Amazon’s Clubhouse competitor has arrived. The retail giant on Tuesday launched a new mobile app called Amp, which allows people to create live “radio shows” where they can act as a DJ, by taking callers and playing tracks from Amazon Music’s tens of millions of licensed songs, ranging from classic titles to today’s music. The app is not yet available to the wider public, as it requires an access code to use.
“It’s easy to share your voice and favorite songs with the world on Amp,” reads the app’s description on the App Store. “Decide on a show title, create a playlist, and you’re just seconds away from streaming your own radio show,” the page says.
Image Credits: Amazon
The new app, which was previously reported by The Verge when in development under the name Project Mic, represents Amazon’s somewhat belated entry into the live audio market. While the app Clubhouse led the way by establishing a new format for live audio social interactions, the idea has since been spun out into numerous competitors — each with their own angle, including Twitter’s Spaces, Facebook’s Live Audio Rooms, Spotify’s Greenroom, and those from smaller startups, like the Mark Cuban-backed Fireside or David Sacks-backed Callin.
However, for the most part, these Clubhouse rivals have focused on talk — like live podcasts. Amazon’s Amp differentiates itself by providing access out of the gate to the broader Amazon Music catalog. That means Amp users can play DJ, streaming and chatting about their favorite songs and artists to establish themselves as a creator. Or they can use the app to talk about anything else — like sports or pop culture, for example — but do so while also curating a selection of music for their listeners and talking live callers.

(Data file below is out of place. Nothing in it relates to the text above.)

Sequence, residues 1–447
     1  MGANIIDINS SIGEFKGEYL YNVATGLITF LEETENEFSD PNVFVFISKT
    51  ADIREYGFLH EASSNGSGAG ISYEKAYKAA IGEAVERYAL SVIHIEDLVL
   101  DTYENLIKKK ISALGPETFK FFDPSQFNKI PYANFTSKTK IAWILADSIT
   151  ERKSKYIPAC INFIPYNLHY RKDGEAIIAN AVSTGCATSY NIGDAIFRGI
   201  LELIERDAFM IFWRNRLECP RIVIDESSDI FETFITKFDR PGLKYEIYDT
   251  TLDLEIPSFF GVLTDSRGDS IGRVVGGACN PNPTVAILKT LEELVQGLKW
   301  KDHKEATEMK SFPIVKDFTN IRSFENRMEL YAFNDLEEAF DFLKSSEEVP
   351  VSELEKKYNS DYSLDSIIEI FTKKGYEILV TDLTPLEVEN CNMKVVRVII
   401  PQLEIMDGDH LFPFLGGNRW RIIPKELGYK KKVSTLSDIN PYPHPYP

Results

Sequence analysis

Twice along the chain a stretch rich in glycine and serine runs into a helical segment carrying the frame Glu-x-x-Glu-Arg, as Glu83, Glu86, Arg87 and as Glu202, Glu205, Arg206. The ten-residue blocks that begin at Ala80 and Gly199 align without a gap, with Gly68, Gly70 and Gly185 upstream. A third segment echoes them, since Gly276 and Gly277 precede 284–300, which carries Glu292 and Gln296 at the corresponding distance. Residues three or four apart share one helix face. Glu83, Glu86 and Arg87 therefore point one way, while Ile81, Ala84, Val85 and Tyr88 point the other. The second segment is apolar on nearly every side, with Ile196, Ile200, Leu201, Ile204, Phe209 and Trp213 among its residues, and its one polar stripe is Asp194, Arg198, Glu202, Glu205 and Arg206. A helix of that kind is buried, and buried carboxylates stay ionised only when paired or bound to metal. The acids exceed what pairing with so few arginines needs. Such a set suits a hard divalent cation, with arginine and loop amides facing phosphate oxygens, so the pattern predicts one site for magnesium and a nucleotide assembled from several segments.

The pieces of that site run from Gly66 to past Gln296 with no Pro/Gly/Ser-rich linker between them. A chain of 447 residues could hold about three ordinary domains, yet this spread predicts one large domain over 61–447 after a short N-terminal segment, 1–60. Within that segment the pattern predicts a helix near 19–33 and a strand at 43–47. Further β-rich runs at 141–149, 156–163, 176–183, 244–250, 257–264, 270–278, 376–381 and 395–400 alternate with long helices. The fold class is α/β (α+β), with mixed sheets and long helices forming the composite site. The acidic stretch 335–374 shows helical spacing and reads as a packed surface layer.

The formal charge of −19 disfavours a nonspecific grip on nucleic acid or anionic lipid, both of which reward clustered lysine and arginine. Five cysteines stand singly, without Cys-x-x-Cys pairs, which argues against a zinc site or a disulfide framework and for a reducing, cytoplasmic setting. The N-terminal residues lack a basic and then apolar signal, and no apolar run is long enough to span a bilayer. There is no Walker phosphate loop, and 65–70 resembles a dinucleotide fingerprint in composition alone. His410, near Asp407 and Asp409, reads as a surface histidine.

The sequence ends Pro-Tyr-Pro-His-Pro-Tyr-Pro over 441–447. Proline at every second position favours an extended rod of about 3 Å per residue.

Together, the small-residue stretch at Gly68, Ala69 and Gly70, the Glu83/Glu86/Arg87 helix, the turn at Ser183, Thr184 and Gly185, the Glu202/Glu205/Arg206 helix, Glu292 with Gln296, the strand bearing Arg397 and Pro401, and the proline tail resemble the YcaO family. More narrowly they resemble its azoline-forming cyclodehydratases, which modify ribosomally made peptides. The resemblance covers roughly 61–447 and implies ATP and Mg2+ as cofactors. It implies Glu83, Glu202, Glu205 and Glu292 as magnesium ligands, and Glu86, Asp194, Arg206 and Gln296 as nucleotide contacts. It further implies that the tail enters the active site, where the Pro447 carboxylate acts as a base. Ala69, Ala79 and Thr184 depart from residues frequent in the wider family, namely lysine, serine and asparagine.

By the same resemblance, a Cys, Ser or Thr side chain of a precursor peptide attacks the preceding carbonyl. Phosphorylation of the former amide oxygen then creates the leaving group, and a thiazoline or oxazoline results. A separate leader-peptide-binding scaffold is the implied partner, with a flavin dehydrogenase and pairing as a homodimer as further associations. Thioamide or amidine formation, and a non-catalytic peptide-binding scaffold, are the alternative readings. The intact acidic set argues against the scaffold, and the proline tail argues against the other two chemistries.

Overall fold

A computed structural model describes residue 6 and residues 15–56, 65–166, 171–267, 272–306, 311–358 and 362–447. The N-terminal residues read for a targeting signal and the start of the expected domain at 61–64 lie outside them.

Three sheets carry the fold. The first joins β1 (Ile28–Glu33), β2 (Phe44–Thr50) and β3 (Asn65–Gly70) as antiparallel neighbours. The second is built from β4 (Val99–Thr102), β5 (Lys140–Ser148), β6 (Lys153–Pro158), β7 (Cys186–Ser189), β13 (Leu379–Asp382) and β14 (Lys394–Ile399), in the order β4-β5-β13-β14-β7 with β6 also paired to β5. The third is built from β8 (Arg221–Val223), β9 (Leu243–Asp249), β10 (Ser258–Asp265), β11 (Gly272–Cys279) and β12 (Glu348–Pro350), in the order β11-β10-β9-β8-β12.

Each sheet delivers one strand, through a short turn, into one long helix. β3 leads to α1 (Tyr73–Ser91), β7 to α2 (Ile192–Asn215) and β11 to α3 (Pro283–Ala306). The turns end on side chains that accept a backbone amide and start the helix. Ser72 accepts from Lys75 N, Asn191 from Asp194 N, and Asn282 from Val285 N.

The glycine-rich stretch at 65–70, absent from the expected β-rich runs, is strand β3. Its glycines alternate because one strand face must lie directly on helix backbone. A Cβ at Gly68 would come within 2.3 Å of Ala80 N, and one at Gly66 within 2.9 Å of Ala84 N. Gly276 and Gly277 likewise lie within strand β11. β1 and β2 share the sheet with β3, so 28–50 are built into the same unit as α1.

According to Amp’s App Store description, creators will also be able to pre-plan and schedule their shows, alert listeners to their upcoming shows, control who speaks when taking live callers, and more. Notably, creators do not have to pay the labels when accessing the music for their show, the app’s listing notes — that’s being covered, it seems.
Users will sign in using their Amazon credentials or can create a new Amazon account to use Amp, the app’s sign-in page says.
Prior reports indicated Amazon will use the platform to bring in celebrities and influencers to host shows, which you’ll be able to search for by name, topic, or music, but the company isn’t yet touting any big names attached via its App Store listing.
The Amp website is also currently password-protected and the app itself requires an access code to get in — indications that the app isn’t quite ready for prime time, but is rather launching for limited testing ahead of a wider public debut.
Amazon was not immediately available for comment.